South to Windsor

Jane and I drove to Windsor for a double-billed event: a publishing panel at 2:00 p.m., followed by the one-man show (60-minute version) at 4:00. So after a long drive we were proud of our timing when we checked in at our hotel at 12:00. Only to learn that the Writers Festival folks had been calling the hotel in a panic. Didn’t I know that the show had been moved forward . . . to 11:30?

Well, no. So in horror I learned that 60 people had sat there eagerly awaiting me, to go away disappointed, with the news that my event would run later (against a popular already scheduled 4 o’clock event). We got about half of them back, but it was an embarrassing case of broken telephone.

The publishing panel, with Jack David (my publisher, and thus a model of wisdom in all things), Alana Wilcox from Coach House, and Jack Illingworth from the Literary Press Group, and me, was led by local publisher Dan Wells. I’m not sure that we left our audience feeling joyful optimism about where publishing is headed, but we spoke truth to lack of power.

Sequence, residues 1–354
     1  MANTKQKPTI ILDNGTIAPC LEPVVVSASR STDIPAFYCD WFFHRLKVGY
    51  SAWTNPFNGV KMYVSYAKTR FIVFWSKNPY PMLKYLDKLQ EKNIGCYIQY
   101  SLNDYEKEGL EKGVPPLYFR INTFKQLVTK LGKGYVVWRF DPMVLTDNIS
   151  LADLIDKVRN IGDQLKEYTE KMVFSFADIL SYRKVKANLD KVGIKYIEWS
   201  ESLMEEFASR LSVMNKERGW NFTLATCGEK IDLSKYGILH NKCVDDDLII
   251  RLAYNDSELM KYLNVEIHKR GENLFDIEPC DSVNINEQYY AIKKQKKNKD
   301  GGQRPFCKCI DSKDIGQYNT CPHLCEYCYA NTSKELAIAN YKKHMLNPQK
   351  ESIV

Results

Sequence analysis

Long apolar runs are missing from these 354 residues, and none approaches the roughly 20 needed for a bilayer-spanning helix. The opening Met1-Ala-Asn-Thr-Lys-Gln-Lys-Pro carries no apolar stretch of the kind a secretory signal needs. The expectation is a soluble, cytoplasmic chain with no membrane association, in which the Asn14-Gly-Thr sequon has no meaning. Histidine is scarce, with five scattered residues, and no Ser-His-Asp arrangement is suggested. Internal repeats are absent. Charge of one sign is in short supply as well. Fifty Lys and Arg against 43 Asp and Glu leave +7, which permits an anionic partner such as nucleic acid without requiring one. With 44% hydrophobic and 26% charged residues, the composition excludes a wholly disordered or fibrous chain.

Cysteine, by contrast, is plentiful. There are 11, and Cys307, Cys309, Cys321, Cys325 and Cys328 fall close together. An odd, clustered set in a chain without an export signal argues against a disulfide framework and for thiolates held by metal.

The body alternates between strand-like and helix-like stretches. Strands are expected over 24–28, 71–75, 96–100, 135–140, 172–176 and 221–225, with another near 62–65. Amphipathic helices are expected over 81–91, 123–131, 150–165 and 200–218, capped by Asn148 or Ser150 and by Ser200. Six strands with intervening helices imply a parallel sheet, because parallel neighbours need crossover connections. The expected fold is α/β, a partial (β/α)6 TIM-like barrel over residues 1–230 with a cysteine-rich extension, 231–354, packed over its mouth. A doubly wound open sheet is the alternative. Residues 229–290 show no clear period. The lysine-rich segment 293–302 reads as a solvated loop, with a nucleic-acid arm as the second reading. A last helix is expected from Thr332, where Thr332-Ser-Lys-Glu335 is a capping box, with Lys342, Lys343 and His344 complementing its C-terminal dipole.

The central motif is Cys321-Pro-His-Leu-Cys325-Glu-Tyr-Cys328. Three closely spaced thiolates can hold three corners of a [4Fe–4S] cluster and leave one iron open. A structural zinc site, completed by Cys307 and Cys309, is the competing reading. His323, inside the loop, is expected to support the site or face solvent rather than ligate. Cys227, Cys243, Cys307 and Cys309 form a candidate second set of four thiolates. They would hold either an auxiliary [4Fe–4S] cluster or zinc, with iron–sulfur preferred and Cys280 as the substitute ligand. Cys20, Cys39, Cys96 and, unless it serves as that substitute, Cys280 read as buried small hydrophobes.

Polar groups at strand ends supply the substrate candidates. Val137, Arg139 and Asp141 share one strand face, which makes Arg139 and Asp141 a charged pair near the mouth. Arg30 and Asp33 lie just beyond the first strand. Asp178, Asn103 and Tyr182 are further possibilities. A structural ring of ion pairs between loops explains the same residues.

My show was notable for being conducted in a fine Group of Seven Gallery. I had to apologize to a gallery visitor as we put up the screen in front of an especially fine MacDonald landscape, while he peered around it. And we filled the seats available, with Alistair MacLeod arriving late (he was involved with the rival event) just in time to miss my properly admiring account of his work. But as he came in, I said, “Oh, I’m going to have to stop saying rude things about Alistair . . . he’s just come into the room.”

Martin Deck, who runs the university bookstore, gave me a fine introduction, and vote of thanks, and I rushed off to sign lots of books (“Best Windsor wishes”).

On the way back the next day we took a side trip to Point Pelee. The birds were otherwise engaged, but I got to dip my toe in the water at the very southernmost inch of Canada’s mainland. Nearby teenagers were amused by this Tip Dip.

— Douglas Gibson


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